Scooters are set to make a return to the streets of San Francisco after a temporary ban that allowed transportation officials to develop regulations for the popular vehicles.
“Scooters — or any new form of mobility — we want to make sure that they are safe and sustainable and equitable, and that they complement riding a bike,” said Brian Wiedenmeier, executive director of the San Francisco Bicycle Coalition, which weighed in on the plan.
San Francisco’s experience with e-scooters is a familiar one, given its proximity to Silicon Valley, which has made the city’s streets an occasional test lab for high-tech experimentation and disruption. It’s also instructive for other cities, such as the District, that are still working out the kinks in regulations that encourage the use of alternative forms of transportation such as scooters and dockless bicycles while also protecting pedestrians and riders. In August, the District announced an extension of its pilot program for dockless bicycles and scooters through December, but it also tightened the rules a bit on how the devices should be secured when not in use.
San Francisco Board of Supervisors member Aaron Peskin (D) said city officials there recognized that people quickly embraced scooters as a way to zip through urban congestion on trips that were too long to take on foot — or just for fun. But city officials also didn’t want sidewalks to become pedestrian free-fire zones or open dumpsters for unused scooters. He said San Francisco imposed its ban in April after several scooter companies dumped scooters on the streets and something like pandemonium was set loose.
“Every elected official, and every department head in the city of San Francisco, was the subject of literally thousands of complaints. It was kind of like the bad old days of the worst excesses of tech, where they wanted to ask for forgiveness rather than permission,” said Peskin, who also chairs the board of the San Francisco County Transportation Authority, adding that most of the outcry came from pedestrians.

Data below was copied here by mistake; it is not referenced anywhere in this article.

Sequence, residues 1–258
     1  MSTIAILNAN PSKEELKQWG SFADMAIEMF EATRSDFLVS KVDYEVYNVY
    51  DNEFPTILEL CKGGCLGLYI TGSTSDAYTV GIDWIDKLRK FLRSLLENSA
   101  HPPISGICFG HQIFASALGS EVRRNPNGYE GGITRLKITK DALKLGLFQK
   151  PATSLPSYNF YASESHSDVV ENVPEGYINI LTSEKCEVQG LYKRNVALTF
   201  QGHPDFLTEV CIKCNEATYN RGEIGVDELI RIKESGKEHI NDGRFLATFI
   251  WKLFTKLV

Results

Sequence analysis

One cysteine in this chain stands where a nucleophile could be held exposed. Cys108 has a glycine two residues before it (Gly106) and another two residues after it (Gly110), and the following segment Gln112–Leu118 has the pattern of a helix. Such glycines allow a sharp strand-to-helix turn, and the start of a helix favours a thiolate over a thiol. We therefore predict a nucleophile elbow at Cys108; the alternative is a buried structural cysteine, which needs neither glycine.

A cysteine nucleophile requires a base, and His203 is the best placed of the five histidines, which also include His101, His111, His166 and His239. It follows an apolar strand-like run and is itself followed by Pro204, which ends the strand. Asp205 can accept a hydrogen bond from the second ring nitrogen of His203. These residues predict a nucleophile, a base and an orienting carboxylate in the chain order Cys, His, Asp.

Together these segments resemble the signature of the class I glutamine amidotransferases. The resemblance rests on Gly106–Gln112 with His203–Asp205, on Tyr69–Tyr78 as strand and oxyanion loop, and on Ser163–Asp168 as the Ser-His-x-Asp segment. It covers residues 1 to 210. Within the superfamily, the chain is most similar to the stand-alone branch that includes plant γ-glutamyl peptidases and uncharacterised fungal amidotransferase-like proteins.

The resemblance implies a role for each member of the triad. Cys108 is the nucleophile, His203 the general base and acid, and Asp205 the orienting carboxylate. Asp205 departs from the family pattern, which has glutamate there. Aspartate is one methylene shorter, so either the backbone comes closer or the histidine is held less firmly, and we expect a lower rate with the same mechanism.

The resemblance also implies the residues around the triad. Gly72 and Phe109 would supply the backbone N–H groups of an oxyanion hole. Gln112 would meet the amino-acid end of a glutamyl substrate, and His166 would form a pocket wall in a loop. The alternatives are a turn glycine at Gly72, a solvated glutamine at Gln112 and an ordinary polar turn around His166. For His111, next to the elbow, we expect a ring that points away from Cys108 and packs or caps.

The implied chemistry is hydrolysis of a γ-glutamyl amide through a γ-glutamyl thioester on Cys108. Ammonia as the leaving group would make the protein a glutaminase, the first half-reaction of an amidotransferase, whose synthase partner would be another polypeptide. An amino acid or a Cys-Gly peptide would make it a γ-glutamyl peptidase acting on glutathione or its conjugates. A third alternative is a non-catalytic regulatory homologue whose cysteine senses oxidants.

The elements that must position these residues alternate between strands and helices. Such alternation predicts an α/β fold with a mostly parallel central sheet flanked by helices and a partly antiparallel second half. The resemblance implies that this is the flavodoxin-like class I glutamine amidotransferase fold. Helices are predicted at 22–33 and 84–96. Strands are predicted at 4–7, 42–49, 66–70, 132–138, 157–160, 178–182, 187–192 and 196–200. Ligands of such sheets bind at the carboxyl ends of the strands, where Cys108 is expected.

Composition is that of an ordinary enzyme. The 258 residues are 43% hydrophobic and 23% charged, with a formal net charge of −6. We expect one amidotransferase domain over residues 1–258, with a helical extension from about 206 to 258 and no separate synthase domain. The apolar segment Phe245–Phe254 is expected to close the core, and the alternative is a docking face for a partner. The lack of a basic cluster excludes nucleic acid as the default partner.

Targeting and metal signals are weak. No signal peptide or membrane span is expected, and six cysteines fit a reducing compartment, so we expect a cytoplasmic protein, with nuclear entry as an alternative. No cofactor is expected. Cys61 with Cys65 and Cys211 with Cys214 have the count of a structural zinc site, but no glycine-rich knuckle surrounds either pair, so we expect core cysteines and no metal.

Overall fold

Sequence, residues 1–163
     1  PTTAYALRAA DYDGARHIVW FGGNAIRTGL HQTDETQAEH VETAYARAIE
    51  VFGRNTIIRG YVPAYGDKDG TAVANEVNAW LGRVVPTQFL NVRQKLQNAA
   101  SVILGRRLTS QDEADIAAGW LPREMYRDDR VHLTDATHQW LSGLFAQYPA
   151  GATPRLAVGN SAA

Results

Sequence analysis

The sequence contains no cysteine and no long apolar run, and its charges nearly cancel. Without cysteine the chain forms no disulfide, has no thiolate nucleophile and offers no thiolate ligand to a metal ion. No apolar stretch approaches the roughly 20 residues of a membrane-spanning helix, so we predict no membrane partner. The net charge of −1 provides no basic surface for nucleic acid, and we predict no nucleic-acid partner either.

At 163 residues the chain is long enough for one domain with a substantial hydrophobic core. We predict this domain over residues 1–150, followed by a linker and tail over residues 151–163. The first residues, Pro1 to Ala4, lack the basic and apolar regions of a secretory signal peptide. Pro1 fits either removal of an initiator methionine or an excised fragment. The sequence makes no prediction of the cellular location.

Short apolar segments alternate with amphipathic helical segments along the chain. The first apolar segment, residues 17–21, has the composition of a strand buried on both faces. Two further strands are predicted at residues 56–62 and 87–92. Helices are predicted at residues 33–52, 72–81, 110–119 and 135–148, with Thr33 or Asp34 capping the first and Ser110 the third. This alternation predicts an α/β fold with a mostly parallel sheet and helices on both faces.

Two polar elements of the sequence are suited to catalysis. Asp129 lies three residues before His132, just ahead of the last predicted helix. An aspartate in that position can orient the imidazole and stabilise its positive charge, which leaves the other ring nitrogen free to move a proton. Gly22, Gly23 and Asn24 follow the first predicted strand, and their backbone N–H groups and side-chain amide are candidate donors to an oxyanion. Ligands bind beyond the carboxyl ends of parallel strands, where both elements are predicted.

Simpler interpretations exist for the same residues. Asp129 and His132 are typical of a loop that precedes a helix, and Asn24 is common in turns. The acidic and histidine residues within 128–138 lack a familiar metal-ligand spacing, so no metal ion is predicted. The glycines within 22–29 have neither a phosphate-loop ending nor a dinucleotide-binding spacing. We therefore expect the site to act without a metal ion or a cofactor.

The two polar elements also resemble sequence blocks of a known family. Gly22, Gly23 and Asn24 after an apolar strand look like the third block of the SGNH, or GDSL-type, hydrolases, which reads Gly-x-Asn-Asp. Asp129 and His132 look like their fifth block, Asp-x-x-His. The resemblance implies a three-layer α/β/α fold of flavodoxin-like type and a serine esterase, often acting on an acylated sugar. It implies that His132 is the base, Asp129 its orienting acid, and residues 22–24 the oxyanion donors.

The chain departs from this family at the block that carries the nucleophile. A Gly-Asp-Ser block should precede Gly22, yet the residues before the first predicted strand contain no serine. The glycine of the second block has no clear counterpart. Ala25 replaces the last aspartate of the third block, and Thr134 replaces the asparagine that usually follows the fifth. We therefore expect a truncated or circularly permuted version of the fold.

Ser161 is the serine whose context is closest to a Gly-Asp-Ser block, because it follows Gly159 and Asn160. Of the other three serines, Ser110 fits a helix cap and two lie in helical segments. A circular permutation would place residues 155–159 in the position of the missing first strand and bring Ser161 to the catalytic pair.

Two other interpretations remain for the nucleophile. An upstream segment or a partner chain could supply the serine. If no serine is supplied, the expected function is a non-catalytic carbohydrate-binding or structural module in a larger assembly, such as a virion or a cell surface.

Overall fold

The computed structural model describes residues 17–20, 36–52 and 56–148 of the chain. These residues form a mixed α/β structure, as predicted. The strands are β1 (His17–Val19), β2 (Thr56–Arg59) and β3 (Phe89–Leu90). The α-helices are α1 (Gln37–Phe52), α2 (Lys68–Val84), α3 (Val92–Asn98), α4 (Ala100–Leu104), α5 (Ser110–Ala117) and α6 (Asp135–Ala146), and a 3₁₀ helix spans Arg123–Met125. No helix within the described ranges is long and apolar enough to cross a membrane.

“They ranged from parents with strollers to people with physical challenges in wheelchairs to everyday pedestrians who were facing 25 mph devices that are not supposed to be on sidewalks, with testosterone-crazy punks zipping on the sidewalks,” Peskin said. He said public health officials also reported an increase in injuries, including some from pedestrians who tripped over scooters left on sidewalks.
The San Francisco Municipal Transportation Agency (SFMTA) then set about reviewing 12 applications from a variety of companies competing for five slots, searching in particular for a commitment to safe riding and parking. The agency said it chose Scoot and Skip because both offer helmets, instructional videos or other instructional assistance.
Under the pilot program, each company can put 625 scooters on the streets for the first six months. If everything checks out, SFMTA has the authority to increase the cap to 2,500 machines. City officials also plan to reexamine the pilot sometime next year. In addition, Peskin said, San Francisco has regulated the way the companies can use financial data supplied by riders and urges other cities to do the same.
"If they’re selling you a scooter ride, they should be selling you a scooter ride and not selling your financial DNA,” he said.
Wiedenmeier said the bicycle coalition, which has more than 10,000 members, welcomed the city’s decision to choose scooter companies whose operating plans emphasized safety, sustainability and equity. Skip is offering a 50 percent discount for low-income users, for example, while Scoot addressed sustainability concerns by using batteries that can be swapped in and out of the devices instead of having to take them off the street for recharging.
Not everyone in the bicycling community is keen on sharing bike lanes with scooters, as some worry that the speed differentials between scooters and bicycles could create a hazard, Wiedenmeier said. At the same time, however, many would rather have scooters than more cars.
“I have been very clear from the beginning that these devices might well be another tool to address San Francisco’s transit woes and be what we call a first-mile, last-mile solution — but only if they’re done on adult terms,” Peskin said.
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